As most people know by now, posters are not allowed within a 50m radius of polling stations.

However, those rules have been ignored by some campaigners with posters causing difficulties for officials in some areas.

PastedImage-66406 Source: Dave Murphy

Gráinne Ní Aodha reports:

After a bit of initial confusion, it was clarified that voters who see posters located within 50 metres of the polling station should report it to the returning officer, who can then contact An Garda Síochána to remove the posters.

Gardaí told TheJournal.ie: “Anyone with a complaint should contact the returning officer at the polling station who will contact Gardaí if necessary”.

We showed you the statement sent by Save the Eighth encouraging people to get their neighbours and friends out to vote, and Together4Yes has now sent theirs.

Campaign co-director Orla O’Connor said:

Early indications are that turnout across the country is quite strong, however we know there are certain pockets where turnout is a bit slower, so we would encourage voters in these areas to talk to their friends, family members and work colleagues, and make sure they vote before the deadline of 10pm.

1983 ABORTION ISSUES REFERENDUMS Bertie Ahern TD walks by a pro-life protester outside Leinster House. Source: Eamonn Farrell/RollingNews.ie

Ireland has held a number of referendums related to abortion over the past four decades.

In 1983, the Fine Gael-led government (following a fractious political time) called a referendum to insert the Eighth Amendment into the Constitution.

It was passed.

Turnout was 53.7%, with a majority of 66.9% in favour of the amendment and 32.1% against. It was signed into law just one month later.

File Photo: The Eight Amendment is back on the political agenda, due to the case of a young woman who is brain dead and being kept alive on a life suport machine to keep her 17 week old foetus viable. A confrontation between pro-life and pro-choice supporters on O'Connell Bridge in Dublin on 25 April 1992. Source: Eamonn Farrell/RollingNews.ie

In 1992 – after the X Case - the government proposed three amendments to the Constitution.

Two of the three passed. They inserted into the Constitution the right for a woman to travel for an abortion and the right for a woman to receive information about abortion. They remain as the 13th and 14th amendments in Bunreacht na hEireann.

The Twelfth Amendment was rejected by the people (65% to 34%). That could have seen suicide as a ground for a lawful termination taken away.

Turnout was 68.2%.

PastedImage-83729 Top: Maria Davin (now Steen) during a pro-life press conference on 1 March 2002. Bottom: Mary Lou McDonald was Sinn Féin's spokesperson on the abortion referendum Source: RollingNews.ie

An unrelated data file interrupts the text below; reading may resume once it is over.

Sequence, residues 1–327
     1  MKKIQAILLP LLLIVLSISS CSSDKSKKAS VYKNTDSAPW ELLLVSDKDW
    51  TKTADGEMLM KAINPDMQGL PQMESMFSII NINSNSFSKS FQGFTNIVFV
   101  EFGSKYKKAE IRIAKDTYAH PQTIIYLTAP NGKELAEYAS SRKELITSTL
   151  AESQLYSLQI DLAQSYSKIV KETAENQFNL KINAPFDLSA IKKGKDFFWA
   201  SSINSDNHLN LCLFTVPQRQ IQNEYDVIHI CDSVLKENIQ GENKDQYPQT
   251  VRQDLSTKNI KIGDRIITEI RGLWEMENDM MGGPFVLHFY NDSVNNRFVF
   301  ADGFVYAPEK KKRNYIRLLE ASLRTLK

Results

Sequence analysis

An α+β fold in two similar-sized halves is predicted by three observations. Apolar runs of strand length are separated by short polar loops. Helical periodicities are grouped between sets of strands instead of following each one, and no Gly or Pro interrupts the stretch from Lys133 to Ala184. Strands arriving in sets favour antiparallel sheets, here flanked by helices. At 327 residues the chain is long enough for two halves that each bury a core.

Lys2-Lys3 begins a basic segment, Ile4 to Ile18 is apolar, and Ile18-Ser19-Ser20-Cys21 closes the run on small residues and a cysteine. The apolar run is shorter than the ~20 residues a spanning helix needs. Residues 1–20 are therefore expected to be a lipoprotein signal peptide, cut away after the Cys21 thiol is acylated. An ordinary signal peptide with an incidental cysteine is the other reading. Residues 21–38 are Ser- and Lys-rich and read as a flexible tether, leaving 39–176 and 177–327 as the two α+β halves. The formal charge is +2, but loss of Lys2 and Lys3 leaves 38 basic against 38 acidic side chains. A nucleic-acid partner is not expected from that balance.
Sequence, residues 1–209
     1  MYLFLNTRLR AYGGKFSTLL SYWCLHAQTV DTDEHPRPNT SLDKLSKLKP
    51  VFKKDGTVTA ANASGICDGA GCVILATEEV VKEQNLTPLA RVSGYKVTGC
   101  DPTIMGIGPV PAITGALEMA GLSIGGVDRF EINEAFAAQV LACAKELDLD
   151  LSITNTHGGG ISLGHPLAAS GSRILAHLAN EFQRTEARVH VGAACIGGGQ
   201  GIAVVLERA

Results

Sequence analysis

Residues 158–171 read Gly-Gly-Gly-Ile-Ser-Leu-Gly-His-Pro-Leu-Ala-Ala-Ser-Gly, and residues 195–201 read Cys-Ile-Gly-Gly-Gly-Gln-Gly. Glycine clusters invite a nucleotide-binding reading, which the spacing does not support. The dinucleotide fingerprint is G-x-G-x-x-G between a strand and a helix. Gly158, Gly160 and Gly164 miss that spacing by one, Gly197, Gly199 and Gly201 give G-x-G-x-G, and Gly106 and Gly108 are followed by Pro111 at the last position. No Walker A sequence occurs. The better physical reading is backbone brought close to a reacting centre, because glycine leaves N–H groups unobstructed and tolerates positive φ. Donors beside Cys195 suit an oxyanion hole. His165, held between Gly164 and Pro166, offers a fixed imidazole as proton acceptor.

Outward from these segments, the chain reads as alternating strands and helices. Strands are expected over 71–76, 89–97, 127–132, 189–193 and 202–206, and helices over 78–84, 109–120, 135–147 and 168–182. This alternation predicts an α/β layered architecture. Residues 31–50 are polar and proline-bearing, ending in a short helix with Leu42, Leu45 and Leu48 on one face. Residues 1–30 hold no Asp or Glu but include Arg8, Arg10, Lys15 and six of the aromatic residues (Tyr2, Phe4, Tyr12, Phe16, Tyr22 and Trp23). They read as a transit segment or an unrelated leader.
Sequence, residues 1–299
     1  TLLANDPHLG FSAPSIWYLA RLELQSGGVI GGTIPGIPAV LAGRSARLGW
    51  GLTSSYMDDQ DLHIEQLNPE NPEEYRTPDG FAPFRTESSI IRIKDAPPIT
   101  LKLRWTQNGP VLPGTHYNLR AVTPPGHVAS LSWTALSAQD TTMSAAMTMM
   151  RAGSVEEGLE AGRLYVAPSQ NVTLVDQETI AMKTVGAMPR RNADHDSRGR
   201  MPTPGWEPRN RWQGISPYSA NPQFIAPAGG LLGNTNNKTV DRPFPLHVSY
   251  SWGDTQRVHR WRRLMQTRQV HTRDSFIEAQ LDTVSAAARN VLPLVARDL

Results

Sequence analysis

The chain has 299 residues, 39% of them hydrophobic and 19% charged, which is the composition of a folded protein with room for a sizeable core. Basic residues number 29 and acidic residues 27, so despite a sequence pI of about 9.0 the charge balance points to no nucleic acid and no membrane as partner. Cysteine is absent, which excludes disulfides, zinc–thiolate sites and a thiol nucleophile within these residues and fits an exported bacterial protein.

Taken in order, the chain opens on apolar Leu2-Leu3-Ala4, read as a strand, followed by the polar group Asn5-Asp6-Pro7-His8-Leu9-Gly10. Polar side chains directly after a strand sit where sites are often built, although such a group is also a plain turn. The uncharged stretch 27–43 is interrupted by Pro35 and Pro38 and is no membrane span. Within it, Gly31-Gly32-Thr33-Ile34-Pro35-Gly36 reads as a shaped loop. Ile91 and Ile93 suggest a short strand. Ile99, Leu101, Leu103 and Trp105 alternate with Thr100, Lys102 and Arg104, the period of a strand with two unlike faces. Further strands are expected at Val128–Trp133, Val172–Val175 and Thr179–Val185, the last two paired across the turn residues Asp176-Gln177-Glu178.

In 2002, the issue of suicide was put to the public again. Once more, it was rejected (but only narrowly at 49.58% to 50.42%).

Turnout was much smaller at 42.8%.

Hello! Aoife Barry here, looking after the liveblog after Sinéad.

Turnout is unusually high in some areas already today – earlier, we showed you Kevin Humphrey’s tweet  which noted a 47% turnout in Belmont Avenue in Donnybrook.

Richard Chambers of Newstalk said just a few hours ago that turnout was into the thirties in other locations in Dublin. Polls stay open till 10 tonight – and we still have the post-work rush to go.

newschambres Source: Twitter

You’re probably wondering what the turnout for the marriage equality referendum was like back in 2015. Well, there were two referendums that day, one on presidential age, and one on marriage equality.

There was 60.52% turnout, with 1,949,725 votes cast and 1,201,607 in favour of same-sex marriage.

The proposal to reduce the presidential candidacy age was rejected however, with 73.06% of voters voting against it.

There was a 53.7% turnout for the 1983 referendum on the Eighth Amendment, and a 42.8% turnout for 2002′s abortion referendum. So it will be interesting to see if we exceed 60% turnout for today’s voting.

Have you cast your vote yet? Some of our team will be heading out after work to cast theirs.

Only six hours to go, as the Referendum Commission is reminding us:

PastedImage-54092 Source: Twitter

In non-referendum news (yep, there’s some out there) – it’s GDPR day today.

And though we all knew about the influx of emails asking us to opt-in to mailing lists, here’s something we didn’t expect: some US news websites have been blocked because of the law.


Read more about why here.

More updated turnouts coming in – RTÉ says that turnout in Kilkenny is:

  • Ballyhale: 30%
  • Knocktopher: 24%
  • Hugginstown: 31%

RTÉ’s Damien Tiernan says there are at least 30% turnouts in most rural parts of Kilkenny, with 35% on average in more urban areas. He says there’s a “big rush expected” later on this evening.

VOTING 883_90545856 Source: Sam Boal

You’ve cast your vote today. And counting starts tomorrow morning.

So what happens to the votes in between?

The national returning officer Barry Ryan has been giving an insight into what’s involved in the count tomorrow, and told RTÉ  Drivetime that the ballot boxes are stored overnight in local count centres.  The local returning officers are in charge of securing the boxes overnight, at the 26 count centres across the country.